Cirium schedules data shows for the past period between December 2009 and December 2019 compound annual growth rates for airline seat capacity of 5% and ASK capacity of 5.8%. Airline capacity in terms of flights has been lifted 3%. The higher rates of seat and ASK capacity growth reflect a move to larger aircraft types or higher-density configurations, as well as longer sector lengths.
|Year||Flights||Change %||Seats||Change %||ASKs||Change %|
|Source: Cirium schedules data, change figures are year-on-year|
Airline capacity rose at its quickest rate over the second half of the decade as fuel prices relented. ASK capacity growth peaking at 7% in 2018. Crucially airlines have done a good job of filling that additional capacity. IATA figures show passenger load factors steadily rising across the decade, topping 82% in 2019.
However airlines have eased back on the capacity throttle this year. Seat capacity has been increased 3.2% - the slowest rate of annual growth across the decade – while ASK capacity growth of 3.6% matches that of 2012, the only other year of sub-5% growth by that metric.
It means global airline ASK capacity stands some 75% higher in December 2019 than it did in the same month in 2009. Airline seat capacity 62% higher and there are roughly a third more flights than in December 2009.
CAPACITY DOUBLES ON ASIA-PACIFIC ROUTES
As the decade began airline capacity was pretty evenly spread across the three biggest regions. Airline seat capacity on services within, to and from North America stood at just over 1.15 billion across 2009 – and capacity on routes to Asia Pacific just below that level. Seat capacity on services touching Europe was 1.08 billion.
Over the decade though airline expansion in Asia means it is by far the biggest region as 2019 draws to a close. Airlines have doubled seat capacity on services to and within Asia-Pacific, Cirium schedules data showing seat capacity of 2.36 billion for the 12 months ending December 2019.
Notably growth on services touching China increased by 150% - at an annual compound growth rate of just shy of 10%.
|Year||Asia-Pacific||Europe||North America||Africa||Middle East||Latin America|
|SourceL Cirium schedules data, figures cover full-year seat capacity for all routes to, from and within each region|
|Change vs FY 2009||105%||52%||30%||51%||110%||59%|
By contrast airline seat capacity on routes within, to and from North America rose just under 30% to 1.5 billion. Notably capacity in terms of flights is almost unchanged across 2019 compared with 2009.
Whilst both these capacity elements are in part impacted by the grounding of the Boeing 737 Max for much of this year, it also illustrates the extent to which consolidation has led development of the US sector – rather than capacity expansion as a whole. That more restrained capacity growth has contributed to the stronger profit performance of US carriers over that period.
Airlines increased by a little over half their seat capacity on Europe services during the decade, making it the second largest region at 1.64 billion seats.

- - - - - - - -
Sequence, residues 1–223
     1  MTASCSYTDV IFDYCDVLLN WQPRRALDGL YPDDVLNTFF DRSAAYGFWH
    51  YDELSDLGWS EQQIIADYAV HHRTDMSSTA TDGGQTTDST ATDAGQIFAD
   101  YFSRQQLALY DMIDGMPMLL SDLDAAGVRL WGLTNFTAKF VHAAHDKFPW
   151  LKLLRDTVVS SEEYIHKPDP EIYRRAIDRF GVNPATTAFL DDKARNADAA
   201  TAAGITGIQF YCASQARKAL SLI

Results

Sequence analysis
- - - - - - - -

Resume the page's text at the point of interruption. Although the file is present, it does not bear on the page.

Seat capacity routes touching the Middle East more than doubled over the decade. That was driven by rapid expansion over the first seven years of the decade – at an average annual growth rate of 9.5%.
But that roughly halved in 2017 and 2018 as the big Gulf carriers began moderating growth for a variety of internal and external reasons, and seat capacity on Middle East routes will be increased only fractionally in 2019 compared with the previous year.
MERGERS AND COLLAPSES SHAPE INDUSTRY
Seven of the 100 biggest airlines by passenger number in 2009 have ceased operations during the last decade, including two casualties this year after the grounding in April of India’s Jet Airways and UK leisure Thomas Cook Airlines..
They join the likes of Indian carrier Kingfisher, Mexicana, Spanair, UK charter carrier Monarch Airlines and Air Berlin in ceasing operations – though attempts to revive Jet continue.
Other established brands disappeared through mergers and acquisitions, most notably in the USA where Continental Airlines and US Airways merged with United Airlines and American Airlines respectively. That followed Delta’s merger with Northwest Airlines at the end of the previous decade.
Consolidation in the US sector was not restricted to the majors, as both Southwest Airlines and Virgin America got in on the act through the acquisition of AirTran Airways and Virgin America respectively.
|Source: Airline Business World Airline Rankings|
|2||Air France-KLM Group||France||29,664|
|3||Delta Air Lines||United States||28,063|
|5||AMR Corporation||United States||19,917|
|6||Japan Airlines Corporation||Japan||16,421|
|7||United Airlines||United States||16,335|
|9||British Airways||United Kingdom||12,784|
|10||Continental Airlines||United States||12,586|
|11||Emirates||United Arab Emirates||11,565|
|13||US Airways||United States||10,458|
|14||Southwest Airlines||United States||10,350|
|15||Singapore Airlines Group||Singapore||8,940|
|16||Cathay Pacific||China, Hong Kong||8,641|
|18||China Southern Airlines||China||8,022|
|20||Korean Air||South Korea||7,384|